December 2010 Playlist

Robert Plant
Band of Joy

After an aborted attempt to follow up his Grammy-winning collaboration with Alison Krauss, the ex-Led Zep frontman re-teams with guitarist Buddy Miller to create an album not far from his work with Krauss. With Miller now also producing and Plant using the name of his first band, he is still in the spooky netherworld of countrified folk, with touches of blues. Even without Krauss’s angelic vocals, Plant has made another indie acoustic outing that goes over like a led balloon.

Richard Thompson
Dream Attic
(Shout Factory)

With Neil Young’s Rust Never Sleeps and Jackson Browne’s Running On Empty being the two most obvious examples, Richard Thompson follows in the footsteps of others who have taken the bold step of releasing an album of new songs that were recorded live. Taken from a short American tour in 2009, this cd is gripping, raucous and overflowing with Thompson’s trademark vocal growl and blistering guitar and there is not one bad song in sight. This is a release that belongs in the front room with the lights on and the blinds open.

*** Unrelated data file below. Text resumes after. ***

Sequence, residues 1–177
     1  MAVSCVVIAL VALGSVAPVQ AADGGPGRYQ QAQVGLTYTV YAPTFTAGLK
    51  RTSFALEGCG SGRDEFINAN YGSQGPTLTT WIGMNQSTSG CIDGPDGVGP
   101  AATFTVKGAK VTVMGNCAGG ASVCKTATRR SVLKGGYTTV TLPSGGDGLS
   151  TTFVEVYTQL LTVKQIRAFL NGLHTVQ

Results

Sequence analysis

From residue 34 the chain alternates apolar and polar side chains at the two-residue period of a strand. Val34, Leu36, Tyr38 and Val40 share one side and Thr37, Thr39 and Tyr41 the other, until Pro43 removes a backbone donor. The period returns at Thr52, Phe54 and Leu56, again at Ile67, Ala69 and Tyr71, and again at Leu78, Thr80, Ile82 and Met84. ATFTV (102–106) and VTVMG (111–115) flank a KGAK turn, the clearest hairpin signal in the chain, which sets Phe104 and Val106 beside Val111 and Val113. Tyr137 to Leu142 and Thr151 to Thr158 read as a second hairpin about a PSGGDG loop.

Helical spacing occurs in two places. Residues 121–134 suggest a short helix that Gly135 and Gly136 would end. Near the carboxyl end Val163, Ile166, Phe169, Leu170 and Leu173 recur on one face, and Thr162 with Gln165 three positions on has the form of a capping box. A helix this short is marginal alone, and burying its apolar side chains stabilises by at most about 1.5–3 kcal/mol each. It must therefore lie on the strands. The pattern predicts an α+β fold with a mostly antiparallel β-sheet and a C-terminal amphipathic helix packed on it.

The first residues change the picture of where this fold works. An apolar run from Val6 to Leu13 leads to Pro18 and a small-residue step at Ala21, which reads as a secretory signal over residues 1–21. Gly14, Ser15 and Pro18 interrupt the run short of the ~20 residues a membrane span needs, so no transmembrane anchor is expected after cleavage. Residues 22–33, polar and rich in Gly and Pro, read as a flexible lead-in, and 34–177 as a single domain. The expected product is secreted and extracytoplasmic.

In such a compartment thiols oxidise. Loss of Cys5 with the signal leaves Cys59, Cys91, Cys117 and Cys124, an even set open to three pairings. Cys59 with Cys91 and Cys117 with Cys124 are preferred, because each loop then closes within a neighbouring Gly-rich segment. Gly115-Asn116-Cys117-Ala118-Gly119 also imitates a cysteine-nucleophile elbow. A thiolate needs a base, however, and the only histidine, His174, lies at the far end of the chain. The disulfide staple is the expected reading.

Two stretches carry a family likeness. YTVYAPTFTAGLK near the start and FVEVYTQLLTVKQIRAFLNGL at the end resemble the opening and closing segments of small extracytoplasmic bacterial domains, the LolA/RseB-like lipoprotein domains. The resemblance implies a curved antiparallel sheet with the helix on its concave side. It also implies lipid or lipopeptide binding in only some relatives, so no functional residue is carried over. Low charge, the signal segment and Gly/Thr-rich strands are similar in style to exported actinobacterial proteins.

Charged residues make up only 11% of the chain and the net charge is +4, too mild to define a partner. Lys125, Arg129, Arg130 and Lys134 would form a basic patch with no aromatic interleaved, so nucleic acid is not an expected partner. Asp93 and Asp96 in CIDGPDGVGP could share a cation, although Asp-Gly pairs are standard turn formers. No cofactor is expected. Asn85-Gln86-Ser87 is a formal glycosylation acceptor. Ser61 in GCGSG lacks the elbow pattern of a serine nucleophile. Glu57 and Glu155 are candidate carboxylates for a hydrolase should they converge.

Paul Weller
Wake Up the Nation
(Yep Roc)

Weller’s previous 22 Dreams was easily one of his most ambitious albums ever, yet this new one seems more relaxed and fun. Veering between heavy soul and rock, the modfather of punk remains an artist, like Thompson, who just gets stronger with each new release.

David Gray

Gray is simply bursting with songs and needed two discs to get all the songs out that he has written of late. Oddly enough, it’s the shorter bonus disc that contains the most accessible songs, with the longer first disc more of a follow-up to the moodier and more introspective sound he debuted on last year’s Draw the Line.

Fran Healy

The de-facto leader of Scottish band Travis steps out on his debut solo album with brilliant results. Travis has recently struggled to find a balance between its pop side and progressing in new directions. Healy has solved that dilemma and, with the help of everyone from Neko Case to Paul McCartney, mixing a more acoustic approach with minor key melodies. Healy still comes up with at least one bona-fide pop gem in “Buttercups.”

Hearing is Believing
the PULSE iTunes store is now open!

Click on our iTunes store to test drive these albums and more. If you like what you hear, you can purchase right there! Film playlists and other music is also available. Ever wonder how PULSE people handle the late nights? Take a listen to our Deadline Playlist and find out! and iTunes—we’re here for your listening pleasure.